From the President: We turned the tide, now to clear the hurdles

As the dust settles from the outcome of the US presidential election, the geopolitics of 2017 looms as a great challenge for the advancement of the QTU’s professional and industrial agenda on behalf of members.

Great progress has been made in the era of the Palaszczuk government. The delivery of 580 of the promised 875 additional teachers above growth has seen the denial of 519 teachers under the previous LNP government reversed and exceeded. Combined with the ongoing commitment of Gonski money through the “Investing for Success” program, the long-standing resource deficit in Queensland state schools has begun to be addressed.

Removal of the threat of contracts for principals and deputy principals was another of the first actions of the new government. Common sense decisions on curriculum such as decluttering C2C, slowing the pace of change in P-10 and allowing more time for senior secondary reforms, reflect well on a government prepared to listen to the voice of teachers and principals through their union. An EB outcome delivering much needed improvements in the salaries of beginning teachers, new salary horizons for classroom teachers and a promised review of the 30 year-old leadership classification system, among other achievements, demonstrates respect for our profession. There has been good news in the VET sector as well, with TAFE funding restored and achievement of a new EB agreement for TAFE teachers after a four-year battle. Major legislative changes in workers’ compensation and industrial relations focused on fairness caps off the highlights of the past two years.

Many of the highlights on this list were positions taken by the QTU prior to the last election, positions put to the political parties, adopted by some and rejected by others. What is certain is that the outcomes achieved resulted from actions taken by the QTU in cooperation with the government, through negotiation with the government and by lobbying the government. The specific nature of the outcomes stems in part from a shared set of principles which value public education, respect teachers and principals and focus on providing the resources needed to continue to build on the noteworthy achievements to date.

School visits over the staff development days in January revealed a high level of positivity. Teachers spoke of relief at the time available to prepare for teaching, for measures to address workload and improved salaries and conditions. The tide is turning, but…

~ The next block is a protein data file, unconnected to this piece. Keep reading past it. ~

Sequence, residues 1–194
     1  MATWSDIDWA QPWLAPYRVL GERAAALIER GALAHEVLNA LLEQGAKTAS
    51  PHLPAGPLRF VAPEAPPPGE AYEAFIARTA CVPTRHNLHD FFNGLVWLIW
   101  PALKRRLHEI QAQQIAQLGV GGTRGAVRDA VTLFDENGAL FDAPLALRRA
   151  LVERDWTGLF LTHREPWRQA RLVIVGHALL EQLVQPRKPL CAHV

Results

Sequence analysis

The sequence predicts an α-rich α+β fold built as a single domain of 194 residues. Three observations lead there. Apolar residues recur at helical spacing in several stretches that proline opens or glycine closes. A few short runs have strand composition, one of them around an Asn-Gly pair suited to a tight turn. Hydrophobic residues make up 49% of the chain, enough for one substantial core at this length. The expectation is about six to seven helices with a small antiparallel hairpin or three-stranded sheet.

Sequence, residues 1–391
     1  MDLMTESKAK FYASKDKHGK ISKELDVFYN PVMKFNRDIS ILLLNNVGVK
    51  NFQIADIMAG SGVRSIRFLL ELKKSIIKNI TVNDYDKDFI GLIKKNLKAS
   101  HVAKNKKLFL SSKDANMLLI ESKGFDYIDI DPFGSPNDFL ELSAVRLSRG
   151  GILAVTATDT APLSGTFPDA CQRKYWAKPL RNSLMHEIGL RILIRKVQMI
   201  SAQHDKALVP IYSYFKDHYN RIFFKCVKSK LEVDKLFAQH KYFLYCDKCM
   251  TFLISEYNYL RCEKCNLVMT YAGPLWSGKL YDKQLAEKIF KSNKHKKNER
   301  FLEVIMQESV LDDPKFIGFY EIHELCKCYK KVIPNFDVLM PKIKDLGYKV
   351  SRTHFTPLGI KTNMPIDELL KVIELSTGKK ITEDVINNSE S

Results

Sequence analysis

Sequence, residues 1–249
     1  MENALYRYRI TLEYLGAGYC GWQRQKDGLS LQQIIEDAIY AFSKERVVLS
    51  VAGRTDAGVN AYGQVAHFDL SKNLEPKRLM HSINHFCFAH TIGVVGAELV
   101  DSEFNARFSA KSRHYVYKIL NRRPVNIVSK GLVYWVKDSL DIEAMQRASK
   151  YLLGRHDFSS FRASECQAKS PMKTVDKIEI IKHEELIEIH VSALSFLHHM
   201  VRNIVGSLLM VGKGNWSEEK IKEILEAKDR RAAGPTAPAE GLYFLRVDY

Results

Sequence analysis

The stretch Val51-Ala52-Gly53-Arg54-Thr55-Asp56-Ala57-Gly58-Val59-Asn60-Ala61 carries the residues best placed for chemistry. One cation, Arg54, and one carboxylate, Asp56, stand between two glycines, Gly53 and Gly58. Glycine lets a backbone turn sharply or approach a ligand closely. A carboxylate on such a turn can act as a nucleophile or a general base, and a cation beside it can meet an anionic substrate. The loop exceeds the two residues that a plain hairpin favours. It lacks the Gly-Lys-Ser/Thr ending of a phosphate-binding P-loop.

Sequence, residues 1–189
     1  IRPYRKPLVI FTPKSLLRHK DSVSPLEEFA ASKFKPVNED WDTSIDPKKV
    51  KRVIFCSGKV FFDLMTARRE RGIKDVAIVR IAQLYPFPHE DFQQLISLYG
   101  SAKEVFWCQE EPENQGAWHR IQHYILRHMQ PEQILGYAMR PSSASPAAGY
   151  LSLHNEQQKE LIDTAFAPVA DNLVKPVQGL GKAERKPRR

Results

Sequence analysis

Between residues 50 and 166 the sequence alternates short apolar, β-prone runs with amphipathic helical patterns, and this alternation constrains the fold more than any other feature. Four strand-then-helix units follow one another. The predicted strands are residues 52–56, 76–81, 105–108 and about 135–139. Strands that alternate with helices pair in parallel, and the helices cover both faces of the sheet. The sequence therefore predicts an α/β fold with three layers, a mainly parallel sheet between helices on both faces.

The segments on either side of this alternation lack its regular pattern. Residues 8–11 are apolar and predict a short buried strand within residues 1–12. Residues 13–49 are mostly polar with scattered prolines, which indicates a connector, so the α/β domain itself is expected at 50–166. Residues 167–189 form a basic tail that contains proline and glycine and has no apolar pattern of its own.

What 2016 has demonstrated is that politics around the world has lurched further to the right. The apparent rise of One Nation, in spite of its regressive policies on issues such as human rights, education and industrial relations, signals hurdles for educators and their unions. 2017 will likely be a state election year in Queensland. The prospect of a four-year, fixed term of government by an LNP/One Nation coalition cannot be ignored. Both the 2016 federal election results and the forthcoming Western Australian election, to be held in March, provide key indicators of the potential for such an outcome.

Nothing in politics is inevitable. Almost no-one predicted the fall of the Newman government in 2015. We cannot know the outcome of the 2017 election. What we do know is that we must once again campaign strongly to protect the gains we have made in the past two years and to provide opportunities to continue to build on those successes. The alternative is four years spent defending decades of gains in the face of determined opposition.

The QTU stands with members, ready to take on this challenge. We will not be distracted from ongoing efforts to promote and protect public education and the teachers and principals who contribute so much to its success.

Have a great year in education and see you on the campaign trail.

Kevin Bates                                                                                                                   President

Queensland Teachers' Journal, Vol 122 No 1, 10 February 2017, p7